• 2544 RONDON ET AL. APPL. ENVIRON. MICROBIOL. FIG. 3. Schematic diagram of sequence analysis of clone SL1-36C7. Putative ORFs are indicated by the arrows; below is a list of the ORFs with the protein to which each is most similar. The potential operon includes ORFs 15 to 21. The antibacterial ORF is number 27. all cases, BACs were isolated from the putative positive clones of novel structure. The predicted protein contains a putative and retransformed into DH10B; the resultant transformants amino-terminal signal sequence and at least seven long se- were retested to confirm that the activity was encoded on the quence repeats (Fig. 4A). The hydrophobicity plot of the pre- BAC insert. These results show that SL1 contains heterologous dicted amino acid sequence is characteristic of a membrane DNA sequences that can be expressed in E. coli at detectable protein (Fig. 4B). The gene encoding this putative ORF was levels. The fact that 4 of the 12 activities screened were iden- cloned individually into expression plasmid pET22b as a hexa- tified in SL1 suggests that this method can be used successfully histidine-tagged construct. When transformed into E. coli ex- to extract and identify useful genetic information from envi- pression strain BL21(DE3), a new protein of approximately 55 ronmental DNA. In the only screen of SL2, for hemolytic kDa was produced (not shown). The subcloned gene conferred activity, we identified 29 active clones. Further screening of antibacterial activity on the host strain, confirming that this SL2 is expected to yield other interesting activities. gene was sufficient to produce the inhibitory activity. However, Characterization of active clones from SL1. (i) DNase-pro- the partially purified protein was not itself active. ducing clone. The DNase-producing clone SL1-11G4 contains To investigate whether the antibacterial activity was due to a an insert of approximately 25 kb in size, as estimated by re- diffusable molecule, we fractionated cells and cell growth me- striction digestion followed by agarose gel analysis (not dium in an attempt to isolate the active substance. Antibacte- shown). One transposon insertion that abolished activity was located in a potential ORF with homology to a family of single-strand-specific nucleases typified by S1 nuclease from Aspergillus oryzae (17) and including sequences of plant (e.g., Hemerocallis, Hordeum, and Zinnia), fungal (Aspergillus and Penicillium), protozoal (Leishmania), and bacterial (Mesorhi- zobium) origin (3, 6, 27). Extended sequence analysis of the region (not shown) identified a complete ORF belonging to this family. The predicted amino acid sequence of the protein from SL1-11G4 was most similar to the nucleotidase from Leishmania donovani (6), with a similarity score of 10 14 (1). Residues important for activity that are conserved in other members are also conserved in the SL1-11G4 sequence (not shown) (3). We have not yet sequenced other regions of SL1- 11G4 to determine the likely origin of this DNA fragment. (ii) Antibacterial clone. One clone (SL1-36C7) produced an activity that was inhibitory to B. subtilis, weakly active against Staphylococcus aureus, and not active against E. coli. The insert DNA of SL1-36C7 was completely sequenced (Fig. 3); the fragment appears to be of bacterial origin, given the homology of potential genes on the insert to genes of known function. Notable in the clone is the presence of a gene cluster with similarity to the phosphate transport cluster (pstCAB-phoU) of E. coli (30). This demonstrates the potential for BAC clones to contain complete, intact operons. We identified the locus responsible for the antibacterial ac- tivity by insertional inactivation via transposon mutagenesis. A FIG. 4. (A) Predicted amino acid sequence of the antibacterial ORF. The single candidate gene appeared to encode the activity. The predicted protein has 543 residues. Highly conserved sequences within the re- nucleotide sequence of this gene showed no similarity to peats are in bold, underlined, or italics to highlight the repeats. (B) Kyte- known sequences, suggesting that the gene encoded a protein Doolittle hydrophobicity profile of the antibacterial ORF.
    • VOL. 66, 2000 BAC LIBRARIES OF ENVIRONMENTAL DNA 2545 FIG. 5. (A) Restriction digest analysis of amylase and lipase clones from SL1 digested with HindIII. The arrow indicates the BAC vector. Lanes 1 to 8, amylase clones; lanes 9 and 10, lipase clones. (B) Restriction digests of hemolytic clones from SL2, digested with NotI. The arrow indicates the BAC vector. Lane 1, size markers. rial activity was consistently detected on undisturbed agar on traditional methods demands approaches that are culture in- which clone SL1-36C7 had been cultured. However, we were dependent. Our results demonstrate the feasibility of cloning unable to extract or concentrate a clone-specific activity from environmental DNA into BAC libraries maintained in E. coli, liquid or agar cultures, using a variety of growth conditions, an approach that is both large scale and independent of cul- filtration steps, organic extractions, and pH variations. This turing methods. This approach provides a route to study the suggests that the activity is not due to a diffusable small mol- phylogenetic, physical, and functional properties of the met- ecule; rather, some aspect of the protein itself, or its effect agenome. We readily detected gene expression from foreign upon the host cell, is likely responsible for the inhibitory ac- DNA cloned into the low-copy BAC vector in a small library tivity. (SL1) containing only 100 Mbp of DNA. We also constructed (iii) Amylase-producing, lipase-producing, and hemolytic a much larger library (SL2) using improved methods, demon- clones. We identified eight clones that produce amylase activity strating that construction of metagenomic BAC libraries on a and two lipase-producing clones from SL1 and 29 hemolytic large scale is possible. clones from SL2. Restriction digest analysis of these clones The direct cloning approach described here provides a route (Fig. 5) suggests that they result from independent cloning to expand the investigation of soil microbial diversity to the events and are not the result of duplicate clones. The variety of majority of microbes that may not be cultivatable by standard restriction patterns demonstrates the molecular diversity of DNA cloned in the BAC libraries. methods. The fact that the antibacterial and nuclease clones we identified were of novel sequence supports the prediction that BAC libraries of environmental DNA provide a source of DISCUSSION novel genes. We recovered several BAC clones containing 16S rRNA The probable magnitude of the soil metagenome, encom- gene sequences (Table 1 and Fig. 2). Phylogenetic inference passing the collective genomes of microbes in soil, requires (including analysis of genes other than rRNA-encoding genes) large-scale approaches for analysis, and its inaccessibility via is a crucial step in metagenome analysis, as BAC libraries can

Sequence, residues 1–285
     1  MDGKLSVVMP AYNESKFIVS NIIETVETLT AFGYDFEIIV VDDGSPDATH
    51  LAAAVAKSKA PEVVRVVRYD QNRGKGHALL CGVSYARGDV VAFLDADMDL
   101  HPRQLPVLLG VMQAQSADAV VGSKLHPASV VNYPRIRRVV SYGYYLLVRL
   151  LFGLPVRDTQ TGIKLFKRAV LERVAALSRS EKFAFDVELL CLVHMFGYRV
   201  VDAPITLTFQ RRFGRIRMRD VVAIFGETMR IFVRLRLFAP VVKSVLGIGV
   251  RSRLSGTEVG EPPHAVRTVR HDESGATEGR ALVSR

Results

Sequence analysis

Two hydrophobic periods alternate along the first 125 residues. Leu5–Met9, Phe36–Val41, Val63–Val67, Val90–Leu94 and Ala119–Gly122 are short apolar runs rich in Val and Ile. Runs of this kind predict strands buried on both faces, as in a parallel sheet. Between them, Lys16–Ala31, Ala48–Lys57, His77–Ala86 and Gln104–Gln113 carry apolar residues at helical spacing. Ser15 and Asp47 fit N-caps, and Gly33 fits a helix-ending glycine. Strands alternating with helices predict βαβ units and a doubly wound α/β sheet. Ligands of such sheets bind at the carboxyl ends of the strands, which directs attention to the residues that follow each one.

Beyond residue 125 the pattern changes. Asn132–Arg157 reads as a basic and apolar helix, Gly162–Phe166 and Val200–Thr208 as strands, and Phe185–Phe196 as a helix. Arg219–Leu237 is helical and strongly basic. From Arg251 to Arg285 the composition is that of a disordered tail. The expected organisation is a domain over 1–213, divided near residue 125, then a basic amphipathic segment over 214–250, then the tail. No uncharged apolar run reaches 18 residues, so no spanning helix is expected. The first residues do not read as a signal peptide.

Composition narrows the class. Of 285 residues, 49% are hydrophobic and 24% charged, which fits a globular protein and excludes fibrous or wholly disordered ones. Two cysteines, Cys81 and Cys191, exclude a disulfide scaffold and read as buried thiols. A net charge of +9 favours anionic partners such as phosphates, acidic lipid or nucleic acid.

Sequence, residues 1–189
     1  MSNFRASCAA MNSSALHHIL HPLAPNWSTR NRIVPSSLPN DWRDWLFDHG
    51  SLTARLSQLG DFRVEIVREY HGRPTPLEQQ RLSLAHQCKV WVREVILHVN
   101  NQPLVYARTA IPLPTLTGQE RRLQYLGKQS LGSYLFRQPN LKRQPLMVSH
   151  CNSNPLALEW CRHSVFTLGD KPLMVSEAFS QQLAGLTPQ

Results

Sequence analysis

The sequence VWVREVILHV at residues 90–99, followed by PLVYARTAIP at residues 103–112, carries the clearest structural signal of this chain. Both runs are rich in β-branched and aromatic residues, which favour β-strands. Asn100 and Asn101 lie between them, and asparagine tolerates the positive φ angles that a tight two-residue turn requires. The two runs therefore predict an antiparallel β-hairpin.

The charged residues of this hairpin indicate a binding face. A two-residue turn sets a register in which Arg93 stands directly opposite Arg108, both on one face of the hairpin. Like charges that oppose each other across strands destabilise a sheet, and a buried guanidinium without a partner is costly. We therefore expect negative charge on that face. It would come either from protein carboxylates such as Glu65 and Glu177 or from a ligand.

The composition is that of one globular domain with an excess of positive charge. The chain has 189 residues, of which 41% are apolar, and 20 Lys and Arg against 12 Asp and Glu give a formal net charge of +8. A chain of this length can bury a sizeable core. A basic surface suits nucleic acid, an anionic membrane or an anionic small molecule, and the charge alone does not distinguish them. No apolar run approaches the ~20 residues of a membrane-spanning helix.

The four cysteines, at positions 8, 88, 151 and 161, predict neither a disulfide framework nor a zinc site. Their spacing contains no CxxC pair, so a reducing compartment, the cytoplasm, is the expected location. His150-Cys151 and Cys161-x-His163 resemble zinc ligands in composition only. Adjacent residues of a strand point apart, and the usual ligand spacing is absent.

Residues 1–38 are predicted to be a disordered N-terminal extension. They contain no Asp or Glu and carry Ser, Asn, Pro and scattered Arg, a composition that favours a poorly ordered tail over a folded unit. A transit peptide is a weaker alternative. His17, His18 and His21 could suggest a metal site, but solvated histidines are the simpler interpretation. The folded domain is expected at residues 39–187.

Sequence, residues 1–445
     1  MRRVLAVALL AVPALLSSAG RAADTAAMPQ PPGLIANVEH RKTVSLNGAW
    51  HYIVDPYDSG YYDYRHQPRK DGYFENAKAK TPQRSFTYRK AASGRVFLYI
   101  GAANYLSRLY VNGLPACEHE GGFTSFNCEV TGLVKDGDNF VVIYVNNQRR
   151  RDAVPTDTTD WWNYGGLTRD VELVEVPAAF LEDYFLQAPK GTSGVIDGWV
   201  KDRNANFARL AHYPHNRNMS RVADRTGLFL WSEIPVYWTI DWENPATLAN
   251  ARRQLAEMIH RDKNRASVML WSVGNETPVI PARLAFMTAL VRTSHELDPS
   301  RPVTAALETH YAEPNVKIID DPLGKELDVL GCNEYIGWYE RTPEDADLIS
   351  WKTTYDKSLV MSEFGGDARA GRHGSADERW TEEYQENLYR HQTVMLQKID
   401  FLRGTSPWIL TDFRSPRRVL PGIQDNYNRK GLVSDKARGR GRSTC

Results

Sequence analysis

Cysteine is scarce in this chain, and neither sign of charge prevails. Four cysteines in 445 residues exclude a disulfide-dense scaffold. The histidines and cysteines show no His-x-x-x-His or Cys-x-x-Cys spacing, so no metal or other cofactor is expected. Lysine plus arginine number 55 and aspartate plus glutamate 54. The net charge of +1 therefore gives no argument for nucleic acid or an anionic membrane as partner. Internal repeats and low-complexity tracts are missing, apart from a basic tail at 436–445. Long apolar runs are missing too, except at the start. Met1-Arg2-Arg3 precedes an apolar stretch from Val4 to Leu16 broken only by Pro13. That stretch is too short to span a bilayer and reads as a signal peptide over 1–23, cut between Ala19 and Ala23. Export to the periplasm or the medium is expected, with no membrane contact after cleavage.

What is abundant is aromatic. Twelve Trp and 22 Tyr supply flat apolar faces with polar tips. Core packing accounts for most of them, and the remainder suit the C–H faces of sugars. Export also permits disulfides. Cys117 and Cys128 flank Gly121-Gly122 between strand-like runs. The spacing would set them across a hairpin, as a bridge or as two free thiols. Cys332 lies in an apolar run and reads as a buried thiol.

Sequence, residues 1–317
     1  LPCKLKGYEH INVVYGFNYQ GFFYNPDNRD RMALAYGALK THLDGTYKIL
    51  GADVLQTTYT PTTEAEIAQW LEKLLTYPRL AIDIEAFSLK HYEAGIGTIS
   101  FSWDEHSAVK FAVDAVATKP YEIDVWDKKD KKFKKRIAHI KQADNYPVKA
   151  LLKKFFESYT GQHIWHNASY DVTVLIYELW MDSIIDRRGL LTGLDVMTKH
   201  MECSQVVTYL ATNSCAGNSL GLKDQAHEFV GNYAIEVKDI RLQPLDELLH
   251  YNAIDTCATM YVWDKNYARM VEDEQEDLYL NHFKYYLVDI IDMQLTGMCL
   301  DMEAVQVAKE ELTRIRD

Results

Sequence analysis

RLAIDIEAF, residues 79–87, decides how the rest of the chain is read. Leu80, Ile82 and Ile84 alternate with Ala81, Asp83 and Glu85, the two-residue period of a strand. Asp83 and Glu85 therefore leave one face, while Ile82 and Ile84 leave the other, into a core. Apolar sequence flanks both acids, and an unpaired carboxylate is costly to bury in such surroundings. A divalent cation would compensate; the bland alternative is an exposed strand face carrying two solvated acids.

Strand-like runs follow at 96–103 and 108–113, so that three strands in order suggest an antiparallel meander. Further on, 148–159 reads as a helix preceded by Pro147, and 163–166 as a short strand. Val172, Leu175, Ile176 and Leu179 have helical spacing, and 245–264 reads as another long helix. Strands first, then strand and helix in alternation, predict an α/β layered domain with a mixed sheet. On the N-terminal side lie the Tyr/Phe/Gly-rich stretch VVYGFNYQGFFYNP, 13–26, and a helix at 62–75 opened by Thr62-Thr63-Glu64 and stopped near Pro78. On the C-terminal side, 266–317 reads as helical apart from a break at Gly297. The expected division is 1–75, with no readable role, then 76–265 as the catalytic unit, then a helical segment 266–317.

• 2546 RONDON ET AL. APPL. ENVIRON. MICROBIOL. serve as a link between phylogeny of uncultured soil microbes encoding S1-type DNases that are associated with programmed cell death in and their physiological and genetic activities encoded on met- plants. FEBS Lett. 429:134–138. 4. Bintrim, S. B., T. J. Donohue, J. Handelsman, G. P. Roberts, and R. M. agenomic fragments captured in BAC libraries. Goodman. 1997. Molecular phylogeny of archaea from soil. Proc. Natl. Acad. Of particular interest to us is the identification of two clones Sci. USA 94:277–282. in SL1 containing 16S rRNA genes from members of the re- 5. Cottrell, M. T., J. A. Moore, and D. L. Kirchman. 1999. Chitinases from cently described acidobacterium division. Sequences from this uncultured marine microorganisms. Appl. Environ. Microbiol. 65:2553–2557. 6. Debrabant, A., M. Gottleib, and D. M. Dwyer. 1995. Isolation and charac- phylum are frequently recovered in soil diversity studies (16, terization of the gene encoding the surface membrane 3 -nucleotidase/nu- 18), indicating the widespread and abundant nature of this clease of Leishmania donovani. Mol. Biochem. Parasitol. 71:51–63. group in soil, although only three cultured strains have been 7. Giovannoni, S. J., T. B. Britschgi, C. L. Meyer, and K. G. Field. 1990. identified as belonging to this division. Identification of BAC Genetic diversity in Sargasso Sea bacterioplankton. Nature 345:60–63. 8. Goodman, R. M., S. B. Bintrim, J. Handelsman, B. F. Quirino, J. C. Rosas, clones containing DNA from this intriguing phylum will enable H. M. Simon, and K. P. Smith. 1997. A dirty look: soil microflora and us to analyze further the biology of these microbes by sequence rhizosphere biology, p. 219–231. In H. E. Flores, J. P. Lynch, and D. Eis- and functional analysis of these clones. senstat (ed.), Radical biology: advances and perspectives on the function of Other methods to extract functional sequences from envi- plant roots. American Society of Plant Physiologists, Rockville, Md. 9. Grossman, T. H., E. K. Kawasaki, S. R. Punreddy, and M. S. Osburne. 1998. ronmental DNA have focused on PCR-based methods to ac- Spontaneous cAMP-dependent derepression of gene expression in station- cess novel gene fragments (22) and on cloning small fragments ary phase plays a role in recombinant expression instability. Gene 209:95–103. into high-copy expression vectors or lambda phage cloning 10. Handelsman, J., M. R. Rondon, S. B. Bintrim, and R. M. Goodman. 1998. vectors (5, 12, 24). Complementary to this has been a hybrid- The agroecosystem as a source of microbial metabolites. Dev. Ind. Micro- biol. 37:49–52. ization approach to identify novel 16S rRNA gene sequences 11. Handelsman, J., M. R. Rondon, S. F. Brady, J. Clardy, and R. 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Universal chemical assay for the detection and determination of siderophores. Anal. Biochem. 160:47–56. ACKNOWLEDGMENTS 22. Seow, K.-T., G. Meurer, M. Gerlitz, E. Wendt-Pienkowski, C. R. Hutchinson, This work was supported by the National Institutes of Health (grants and J. Davies. 1997. A study of iterative type II polyketide synthases, using 1 RO3 AI42786-01 to J.H. and R.M.G. and CA24487 to J.C.), National bacterial genes cloned from soil DNA: a means to access and use genes from uncultured microorganisms. J. Bacteriol. 179:7360–7368. Research Service Award 1 F32 GM18871-01A1 to M.R.R., Cellular 23. Shizuya, H., B. Birren, U.-J. Kim, V. Mancino, T. Slepak, Y. Tachiri, and M. and Molecular Biology Training Grant GM07237 to S.F.B., and the Simon. 1992. Cloning and stable maintenance of 300-kilobase-pair fragments McKnight Foundation and the University of Wisconsin-Madison (Uni- of human DNA in Escherichia coli using an F-factor-based vector. Proc. Natl. versity-Industry Research Program and the College of Agricultural Acad. Sci. USA 89:8794–8797. and Life Sciences). 24. Short, J. M. 1997. Recombinant approaches for accessing biodiversity. Nat. We thank Brian Manske for preparation of Fig. 2; Brad Borlee for Biotechnol. 15:1322–1323. help in storage and propagation of SL1; Doreen Gillespie, Jennifer 25. Staley, J. T., and A. Konopka. 1985. Measurement of in situ activities of Wendland, Andrea Borchardt, Amy Klimowicz, and Christian Reisen- nonphotosynthetic microorganisms in aquatic and terrestrial habitats. Annu. feld for help with SL2; Dennis Holt for helpful discussions and sup- Rev. Microbiol. 39:321–346. 26. Stein, J. L., T. L. Marsh, K. Y. Wu, H. Shizuya, and E. F. DeLong. 1996. port; and Doreen Gillespie for a critical reading of the manuscript. Characterization of uncultivated prokaryotes: isolation and analysis of a 40-kilobase-pair genome fragment from a planktonic marine archaeon. J. 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